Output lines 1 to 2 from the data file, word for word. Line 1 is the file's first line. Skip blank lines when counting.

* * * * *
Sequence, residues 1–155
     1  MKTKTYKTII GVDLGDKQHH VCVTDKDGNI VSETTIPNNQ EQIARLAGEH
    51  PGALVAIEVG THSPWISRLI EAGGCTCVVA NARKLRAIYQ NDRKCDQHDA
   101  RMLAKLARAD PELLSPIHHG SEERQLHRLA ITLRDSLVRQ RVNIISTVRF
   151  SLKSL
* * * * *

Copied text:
Sequence, residues 1–155
     1  MKTKTYKTII GVDLGDKQHH VCVTDKDGNI VSETTIPNNQ EQIARLAGEH